What are you reading heading into the weekend?

Wednesday, September 5, 2012

The Seamstress Writes: Starting a Project

Have pattern, will travel
You know I write.  My other odd obsession?  Sewing.  (There's a blog about that here.)  I'm starting a new sewing project, and I got to thinking about how the different types of inspiration for a new project can be pretty similar, whether written or stitched.

I get inspired by a lot of different "stages" of a project.  Sometimes what sets me off are the basics--the bones of the story or the garment.  For this gown it was all about the construction.  I knew exactly what I wanted the basic drape and shape of the gown to be.  This is kind of like when you get an idea that's all about storyline--you already know the plot before you sit down to write.  Honestly, this kind of project can be a lot easier to tackle, because the hard questions are answered--what do I do first?  What do I do after that?

Mostly this happened because I loved the fabric--
yummy deep blue silk
Other times, I'm inspired to start a story or a garment based on something a little more vague.  Maybe I just love a fabric and want to use it--somehow.  Maybe I have a single scene in mind--not even a scene that informs much of the plot--and want to build a world around it.  This can be harder, because you have to flesh out the idea, often by working with it for a while, before you can really take it anywhere.  This is when I drape my fabric over my dress form a million different ways and sketch and browse commercial patterns and steal ideas from designers.  It's also when I write scenes out of order that may or may not work and spend time talking to the characters in my head.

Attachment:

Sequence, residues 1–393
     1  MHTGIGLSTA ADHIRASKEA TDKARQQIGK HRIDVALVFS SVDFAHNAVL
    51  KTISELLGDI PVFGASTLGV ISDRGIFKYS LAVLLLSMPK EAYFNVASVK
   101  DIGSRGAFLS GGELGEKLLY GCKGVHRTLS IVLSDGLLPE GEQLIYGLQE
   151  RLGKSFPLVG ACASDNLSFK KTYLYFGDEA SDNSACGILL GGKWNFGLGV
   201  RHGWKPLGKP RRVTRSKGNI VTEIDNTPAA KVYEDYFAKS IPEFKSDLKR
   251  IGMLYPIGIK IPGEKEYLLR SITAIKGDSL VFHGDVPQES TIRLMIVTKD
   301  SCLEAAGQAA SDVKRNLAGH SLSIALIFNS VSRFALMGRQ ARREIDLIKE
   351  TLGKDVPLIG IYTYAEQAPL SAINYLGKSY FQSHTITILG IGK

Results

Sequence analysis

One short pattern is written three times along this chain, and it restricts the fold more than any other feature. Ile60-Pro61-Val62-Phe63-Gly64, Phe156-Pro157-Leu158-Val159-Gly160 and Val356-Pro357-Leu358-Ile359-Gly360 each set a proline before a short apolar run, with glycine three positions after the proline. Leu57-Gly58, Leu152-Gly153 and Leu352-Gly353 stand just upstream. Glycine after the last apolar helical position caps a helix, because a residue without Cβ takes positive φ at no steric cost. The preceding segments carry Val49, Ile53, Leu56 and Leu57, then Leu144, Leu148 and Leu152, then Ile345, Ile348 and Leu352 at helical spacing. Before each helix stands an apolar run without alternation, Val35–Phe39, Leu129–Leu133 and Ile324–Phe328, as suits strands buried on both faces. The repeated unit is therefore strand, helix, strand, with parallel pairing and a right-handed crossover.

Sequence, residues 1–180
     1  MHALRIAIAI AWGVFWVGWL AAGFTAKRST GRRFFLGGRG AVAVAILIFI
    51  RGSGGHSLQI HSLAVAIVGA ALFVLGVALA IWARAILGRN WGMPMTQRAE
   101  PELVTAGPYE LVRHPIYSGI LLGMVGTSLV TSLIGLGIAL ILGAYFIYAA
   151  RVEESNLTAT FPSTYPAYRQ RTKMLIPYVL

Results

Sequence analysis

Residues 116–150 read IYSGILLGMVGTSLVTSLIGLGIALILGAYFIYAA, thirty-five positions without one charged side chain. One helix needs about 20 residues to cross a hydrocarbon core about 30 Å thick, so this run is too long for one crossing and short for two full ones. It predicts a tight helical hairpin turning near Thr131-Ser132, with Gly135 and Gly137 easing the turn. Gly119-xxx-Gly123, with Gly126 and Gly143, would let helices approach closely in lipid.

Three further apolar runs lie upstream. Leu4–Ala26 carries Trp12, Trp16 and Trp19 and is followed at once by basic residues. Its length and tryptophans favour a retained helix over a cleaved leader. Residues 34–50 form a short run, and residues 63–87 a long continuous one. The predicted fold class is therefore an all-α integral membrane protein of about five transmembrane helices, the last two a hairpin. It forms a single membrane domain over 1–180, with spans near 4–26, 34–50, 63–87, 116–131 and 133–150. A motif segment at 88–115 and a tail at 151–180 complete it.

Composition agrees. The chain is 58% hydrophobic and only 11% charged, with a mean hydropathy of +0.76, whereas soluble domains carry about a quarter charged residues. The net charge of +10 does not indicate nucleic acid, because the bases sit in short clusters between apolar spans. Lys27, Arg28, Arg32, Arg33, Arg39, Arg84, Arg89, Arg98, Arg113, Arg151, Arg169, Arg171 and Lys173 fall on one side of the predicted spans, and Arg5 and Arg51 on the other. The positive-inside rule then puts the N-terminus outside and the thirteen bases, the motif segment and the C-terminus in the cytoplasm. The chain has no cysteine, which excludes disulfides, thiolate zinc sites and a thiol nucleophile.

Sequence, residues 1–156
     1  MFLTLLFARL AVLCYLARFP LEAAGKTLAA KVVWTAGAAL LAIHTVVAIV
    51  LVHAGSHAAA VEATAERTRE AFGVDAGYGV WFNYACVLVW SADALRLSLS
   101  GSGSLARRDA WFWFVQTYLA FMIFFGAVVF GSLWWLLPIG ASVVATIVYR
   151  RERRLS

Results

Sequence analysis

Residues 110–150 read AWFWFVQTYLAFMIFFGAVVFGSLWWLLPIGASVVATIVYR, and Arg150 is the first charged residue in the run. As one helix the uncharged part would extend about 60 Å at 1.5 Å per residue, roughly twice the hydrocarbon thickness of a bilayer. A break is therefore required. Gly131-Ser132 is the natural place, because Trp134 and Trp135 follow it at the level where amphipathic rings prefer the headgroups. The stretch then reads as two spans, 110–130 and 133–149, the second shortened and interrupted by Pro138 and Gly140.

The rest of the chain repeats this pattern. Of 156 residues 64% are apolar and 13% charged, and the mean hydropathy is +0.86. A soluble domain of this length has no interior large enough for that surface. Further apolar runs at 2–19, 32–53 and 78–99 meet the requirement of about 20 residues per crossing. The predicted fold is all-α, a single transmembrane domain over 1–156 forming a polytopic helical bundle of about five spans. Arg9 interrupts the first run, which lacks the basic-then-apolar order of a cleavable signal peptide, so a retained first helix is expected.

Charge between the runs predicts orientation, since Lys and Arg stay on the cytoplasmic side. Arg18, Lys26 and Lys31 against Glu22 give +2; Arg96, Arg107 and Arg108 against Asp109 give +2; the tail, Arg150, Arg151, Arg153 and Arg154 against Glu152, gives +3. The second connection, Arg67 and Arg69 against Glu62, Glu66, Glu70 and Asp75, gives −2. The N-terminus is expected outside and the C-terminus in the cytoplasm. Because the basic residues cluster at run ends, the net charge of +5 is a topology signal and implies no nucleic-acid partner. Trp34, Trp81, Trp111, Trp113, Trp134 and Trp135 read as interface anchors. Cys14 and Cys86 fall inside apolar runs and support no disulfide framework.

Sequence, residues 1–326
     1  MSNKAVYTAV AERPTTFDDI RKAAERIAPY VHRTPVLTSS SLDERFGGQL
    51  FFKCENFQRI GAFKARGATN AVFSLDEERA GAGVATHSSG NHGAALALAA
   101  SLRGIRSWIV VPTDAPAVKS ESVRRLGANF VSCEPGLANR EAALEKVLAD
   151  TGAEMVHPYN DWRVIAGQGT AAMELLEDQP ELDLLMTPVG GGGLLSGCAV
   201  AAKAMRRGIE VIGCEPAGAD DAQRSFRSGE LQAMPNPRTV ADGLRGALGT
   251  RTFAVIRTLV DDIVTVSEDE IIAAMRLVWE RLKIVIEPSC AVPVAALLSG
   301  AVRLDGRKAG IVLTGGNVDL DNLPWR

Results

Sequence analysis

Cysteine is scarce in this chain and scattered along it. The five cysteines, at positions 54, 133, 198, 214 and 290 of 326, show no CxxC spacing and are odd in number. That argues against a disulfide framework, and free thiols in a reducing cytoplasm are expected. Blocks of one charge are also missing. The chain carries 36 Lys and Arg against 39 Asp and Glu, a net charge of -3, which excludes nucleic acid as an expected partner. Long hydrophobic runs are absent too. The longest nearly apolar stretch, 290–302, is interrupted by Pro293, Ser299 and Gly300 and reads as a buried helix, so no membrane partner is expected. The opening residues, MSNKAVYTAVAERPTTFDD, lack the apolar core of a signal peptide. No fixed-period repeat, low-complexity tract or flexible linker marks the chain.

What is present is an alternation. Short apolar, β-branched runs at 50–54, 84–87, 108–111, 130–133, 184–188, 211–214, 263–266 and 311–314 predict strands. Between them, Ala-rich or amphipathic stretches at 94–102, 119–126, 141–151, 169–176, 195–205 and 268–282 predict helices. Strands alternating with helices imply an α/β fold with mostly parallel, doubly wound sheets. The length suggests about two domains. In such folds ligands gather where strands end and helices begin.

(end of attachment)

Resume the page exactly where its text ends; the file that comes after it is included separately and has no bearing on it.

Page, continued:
Favorite halter pattern
(1940s Butterick Retro)
And um, that same fabric.


Finally, there's the concept start--usually a start that begins with the answer to the question "What if?"  The only "big concept" writing project I've ever worked on started this way, and the gown I want to start did, too.  "What if" I turned my favorite backless halter dress pattern into a column dress with a back?  We'll see--I'm going to start playing with a muslin today.  And "what if" this were a writing project?  I'd start writing down ideas and getting a basic plot on paper.

You can't start truly constructing anything sewn until you have the basics--either a pattern or with the idea for your draping or drafting of your own pattern.  You can't start sewing by adding accessories.  Stories--well, stories can meander for a while without a set plan.  Eventually, however, they need to settle down and find a path to follow.

There's no right place, I think, to find inspiration for a project--no one reason to begin that makes sense or doesn't.  There are different challenges in each, of course, but isn't that half the fun?

What part of a new project do you usually springboard off of?